Arm is an important player in the mobile industry. The company’s Cortex CPUs are used by all vendors in the Android SoC space, while its Mali GPUs are used by Samsung, HiSilicon, and MediaTek.
For a few years now, Arm has had a tradition of announcing its new mobile products at TechDay. TechDay 2017 brought the Arm Cortex-A75 and the Mali-G72, while 2016’s TechDay brought the Cortex-A73 and the Mali-G71. At TechDay 2018, the company has announced three products. The first is the Cortex-A76 CPU. Then we have the Mali-G76 GPU, which is followed by the Mali-V76 VPU (Video Processing Unit).
Let’s take a look at these announcements one-by-one:
Arm Cortex-A76 CPU
For the most part, Arm’s Cortex CPUs have had a good record in performance and power efficiency. There have been mistakes made along the way such as the power-hungry Cortex-A57 in 2015, which regressed in terms of efficiency (doubly so when coupled with poor implementations of the core such as in the Snapdragon 810). Since then, however, Arm’s results have spoken for itself.
The Cortex-A72 in 2016 was a great CPU that was overall faster and more efficient than its main competitors, the Samsung Exynos M1 used in the Exynos 8890 and the original custom Kryo core in the Snapdragon 820. It was not able to compete head-to-head with Apple’s A series chips, but in the Android world, it was a huge step forward from the Cortex-A57.
The Cortex-A73 in 2017 brought low single-digit performance improvements, but proved to be significantly more power efficient than the Cortex-A72. In terms of efficiency, it beat Samsung’s Exynos M2 CPU (used in the Exynos 8895), while managing to have equivalent performance. SoCs using the Cortex-A73 included the Qualcomm Snapdragon 835 and the HiSilicion Kirin 970. The two SoCs were acclaimed for providing much improved efficiency. The core has also made its way to mid-range SoCs, including the Snapdragon 660, Snapdragon 636, and the MediaTek Helio P60.
This year, Qualcomm uses the Cortex A75 in the form of its “semi-custom” Kryo 385 Gold cores. HiSilicon has yet to announce a new SoC for 2018, while Samsung kept following the custom core path with the highly ambitious, yet poorly implemented Exynos 9810. Reviews and testing have found the Cortex-A75-based Kryo 385 Gold in the Snapdragon 845 to have achieved a respectable 25-30 percent performance improvement over its predecessor. The A75 is also used in the newly announced Snapdragon 710.
This brings us to the Cortex-A76 — the likely CPU of choice for late 2018 / 2019 SoCs.
According to Arm, the Cortex-A76 uses a new microarchitecture that enables 35 percent more performance. The company is promoting the Cortex-A76 as a CPU with “laptop-class performance.” It’s intended for mobile devices such as smartphones as well as Windows on ARM laptops.
The Cortex-A76 uses Arm’s DynamIQ technology, which was announced last year alongside the Cortex-A75. According to the company, it delivers laptop-class performance while maintaining the power efficiency of a smartphone. In terms of numbers, Arm is promising a 35 percent performance improvement over the Cortex-A75, which is substantial as a year-over-year improvement. This comes alongside a figure of 40 percent improved efficiency over its predecessor.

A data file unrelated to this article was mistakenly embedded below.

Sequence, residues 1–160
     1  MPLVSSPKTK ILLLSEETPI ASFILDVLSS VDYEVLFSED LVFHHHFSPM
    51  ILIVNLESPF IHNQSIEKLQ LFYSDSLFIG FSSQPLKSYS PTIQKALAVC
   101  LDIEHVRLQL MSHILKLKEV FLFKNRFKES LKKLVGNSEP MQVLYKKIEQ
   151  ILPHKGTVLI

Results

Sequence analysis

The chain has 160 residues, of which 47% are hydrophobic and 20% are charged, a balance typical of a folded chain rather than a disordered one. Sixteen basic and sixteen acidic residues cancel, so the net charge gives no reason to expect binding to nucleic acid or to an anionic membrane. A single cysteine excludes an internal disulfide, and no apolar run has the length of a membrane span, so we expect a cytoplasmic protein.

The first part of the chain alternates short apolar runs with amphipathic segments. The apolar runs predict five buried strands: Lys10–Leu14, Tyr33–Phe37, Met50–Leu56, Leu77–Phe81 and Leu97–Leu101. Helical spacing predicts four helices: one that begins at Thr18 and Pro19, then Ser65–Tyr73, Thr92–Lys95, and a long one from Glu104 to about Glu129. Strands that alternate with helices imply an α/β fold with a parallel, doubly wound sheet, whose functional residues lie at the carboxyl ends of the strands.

The Cortex-A76 also delivers 4x compute performance improvements for AI/machine learning, according to Arm. The CPU is projected by Arm to ship in 3GHz configuration on TSMC 7nm products. Technical details about the new CPU can be read here. It’s likely that the CPU will ship in commercial products by the end of 2018.
Arm Mali-G76 GPU
The Mali-G76 GPU is the successor to the Mali-G72, which itself was the successor to the Mali-G71.
The G71 was the first Mali GPU based on the new Bifrost architecture, succeeding the Midgard architecture. Mali GPUs are used by the likes of Samsung, HiSilicon, and MediaTek, while Qualcomm uses its own GPU architecture in its Adreno GPUs.
Up until now, Mali GPUs haven’t been able to compete head-to-head in terms of sustained performance and power efficiency against their rivals. The Mali-G71 in particular showed poor power efficiency. The Mali-G72 did manage to achieve solid gains in both performance and power efficiency, but this is one area where Qualcomm continues to enjoy a significant lead over the competition in terms of performance-per-watt.
The Mali-G76 will improve Arm’s competitive situation. The company is promising 30 percent more efficiency and 30 percent performance density. Maximum performance is higher by 25 percent. Machine learning (ML) improvements are quoted at 2.7x. More technical details about the new GPU can be read here.
Arm Mali-V76 VPU
The Mali-V76 succeeds the Mali-V61, which was released in 2016. A VPU (video processor) is an encoder/decoder, which means that it can encode and decode video. The Mali-V76 supports 8K decode up to 60FPS or four 4K streams at 60FPS. According to Arm, this gives consumers the opportunity to record video while video conferencing, or watch four games in 4K. At Full HD resolution, the video processor supports up to 16 streams of content, creating a 4×4 video wall.
The VPU has 2x decode performance, is 40% smaller than its predecessor, and has a 25 percent encode quality improvement.
Technical details about the Mali-V76 can be read here.
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